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How to Make Money With a Newsletter

If you want to make money from a newsletter, sponsorships are the most profitable, reliable way to get started. Advertisers know that email newsletters are one the best ways to get in front of consumers. Just look at the numbers.

  • According to Smart Insights, publisher newsletters earn an open rate of 22% or higher.
  • The Seattle Times found visitors referred by a newsletter were 25 times more likely to convert than those referred from other sources.

With mega-success stories like Morning Brew — a newsletter that earns $20 million a year — making money from your newsletter sounds like the ultimate dream gig! 

And it can be. 

But that doesn’t mean you should blast subscribers with a ton of paid-subscription offers and a never-ending wall of ads. 

Newsletter monetization might look effortless, but really it’s an art. Here’s the load down.

3 main ways to make money from a newsletter

There are many MANY ways to make money off your newsletter. This article primarily focuses on advertising and membership models. In our opinion, they are the fastest way to get started.

To spread out into other genres of monetization, this excellent article is a must-read that covers topics like merch, affiliates, and donations in detail. 

1. Paid subscriptions

These are well detailed by companies like Substack. In their own words “Readers pay directly for writing they care about”. 

However be aware that subscriptions are limited. There are a limited number of people who want to pay for subscriptions to a newsletter. Many publishers have found this model to be lucrative only when used in conjunction with advertising. 

2. Native sponsorships

With a native sponsorship, you display promotional messages or ads alongside your regular newsletter. This can be in the form of an ad placed in a specific area of your newsletter or you can allow advertisers to send out a dedicated sponsorship.

Here’s what you should remember: 

  • You should never grant an advertiser access to your subscribers email addresses. Doing so could have legal consequences. 
  • You should always make it clear when content is sponsored else subscribers will lose trust in you.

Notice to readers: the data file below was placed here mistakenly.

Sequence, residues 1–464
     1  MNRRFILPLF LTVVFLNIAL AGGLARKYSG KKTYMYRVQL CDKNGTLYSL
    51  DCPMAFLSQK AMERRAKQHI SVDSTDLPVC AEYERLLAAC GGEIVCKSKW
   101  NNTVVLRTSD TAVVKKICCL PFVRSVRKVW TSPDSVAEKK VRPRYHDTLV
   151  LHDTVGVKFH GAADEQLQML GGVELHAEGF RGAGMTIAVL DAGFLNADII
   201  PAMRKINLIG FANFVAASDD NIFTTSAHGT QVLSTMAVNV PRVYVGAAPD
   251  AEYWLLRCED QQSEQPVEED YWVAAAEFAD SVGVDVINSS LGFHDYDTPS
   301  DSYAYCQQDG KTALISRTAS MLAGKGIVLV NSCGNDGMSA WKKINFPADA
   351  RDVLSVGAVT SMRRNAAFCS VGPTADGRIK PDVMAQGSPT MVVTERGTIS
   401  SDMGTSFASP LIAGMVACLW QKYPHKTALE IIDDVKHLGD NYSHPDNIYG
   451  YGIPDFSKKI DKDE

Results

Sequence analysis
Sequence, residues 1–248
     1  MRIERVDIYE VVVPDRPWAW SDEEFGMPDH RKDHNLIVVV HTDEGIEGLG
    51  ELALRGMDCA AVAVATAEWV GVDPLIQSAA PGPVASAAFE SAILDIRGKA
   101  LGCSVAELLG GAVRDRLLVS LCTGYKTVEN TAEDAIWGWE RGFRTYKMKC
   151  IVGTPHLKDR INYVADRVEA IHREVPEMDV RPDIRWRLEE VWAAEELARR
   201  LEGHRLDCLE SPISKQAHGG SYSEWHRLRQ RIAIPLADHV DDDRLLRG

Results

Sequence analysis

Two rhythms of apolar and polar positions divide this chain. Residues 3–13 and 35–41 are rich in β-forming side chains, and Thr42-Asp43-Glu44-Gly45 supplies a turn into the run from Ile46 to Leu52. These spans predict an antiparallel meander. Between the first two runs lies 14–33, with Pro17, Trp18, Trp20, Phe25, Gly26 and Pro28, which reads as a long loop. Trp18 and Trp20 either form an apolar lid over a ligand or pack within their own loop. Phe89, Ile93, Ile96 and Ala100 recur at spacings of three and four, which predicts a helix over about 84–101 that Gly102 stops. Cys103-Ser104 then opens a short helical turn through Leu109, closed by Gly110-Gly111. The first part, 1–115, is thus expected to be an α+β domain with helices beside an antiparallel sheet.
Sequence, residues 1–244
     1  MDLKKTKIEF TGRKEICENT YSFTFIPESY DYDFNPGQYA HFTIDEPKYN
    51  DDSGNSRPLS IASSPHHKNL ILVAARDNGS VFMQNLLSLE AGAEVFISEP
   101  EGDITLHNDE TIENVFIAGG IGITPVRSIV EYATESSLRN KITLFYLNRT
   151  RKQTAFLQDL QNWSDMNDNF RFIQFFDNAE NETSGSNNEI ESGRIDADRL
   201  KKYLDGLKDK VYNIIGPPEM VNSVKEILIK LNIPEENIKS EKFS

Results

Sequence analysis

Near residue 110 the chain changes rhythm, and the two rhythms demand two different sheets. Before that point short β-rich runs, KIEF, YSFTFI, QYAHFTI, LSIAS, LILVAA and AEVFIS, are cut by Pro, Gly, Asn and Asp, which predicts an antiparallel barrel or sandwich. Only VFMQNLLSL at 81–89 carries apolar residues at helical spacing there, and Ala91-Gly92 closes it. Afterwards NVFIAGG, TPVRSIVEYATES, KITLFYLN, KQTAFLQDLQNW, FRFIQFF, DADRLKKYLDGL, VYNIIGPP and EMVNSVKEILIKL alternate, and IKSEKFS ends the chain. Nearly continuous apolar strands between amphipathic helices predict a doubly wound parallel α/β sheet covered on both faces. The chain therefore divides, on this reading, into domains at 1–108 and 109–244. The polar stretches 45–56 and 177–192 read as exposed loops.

• Always give yourself enough time to get the correct creative and links from the advertiser before sending. 
  • It’s good practice to send advertisers a report with the campaign’s performance. 

3. Programmatic ad placements

These placements are inserted into your newsletter’s HTML. Ads are then displayed to your subscribers based on their contextual interests. Paved offers this via their Ad Network (sign up and create a profile if you’d like to try them out). 

No matter who you use for programmatic placements, it’s important to remember: 

  • GDPR is a big deal. Make sure the service you use adheres to privacy laws
  • If you have less than 10k subscribers or send less than four times a month, programmatic is probably not the best choice for you. 
  • Any ad should match the rest of your content in style (think fonts, colors etc) for best performance.

3 ways to charge higher sponsorship fees

1. Choose relevant advertisers

Newsletter influencer Marie Dolle has some interesting thoughts on how curation is reinventing e-commerce. She elaborates,  “publishers are influencers. They are the celebrity thinkers of our time. And in the new anxiety economy, people look to influencers when there is uncertainty.” 

Yep, if you run a newsletter, you’re an influencer. And with that comes responsibility to your audience.

Advertising is a brilliant way to increase revenue brought in from your newsletters, but it’s a huge turn-off to your subscribers if ads are irrelevant or jarring next to your regular content. 

Your subscribers are looking to YOU for your opinion, thoughts, and input. When accepting sponsorships, make sure that:
1. The ad will be relevant to your audience

2. The product/service is interesting to your audience

3. The ad can blend with your regular content (that means you need to have an active hand in creating it). 

Off-topic advertising means poor results for advertisers. And poor results, means fewer sponsorships. 

2. Don’t overload your newsletter with ads

“More ads = more money”.

It sounds logical. But in practice the opposite is true.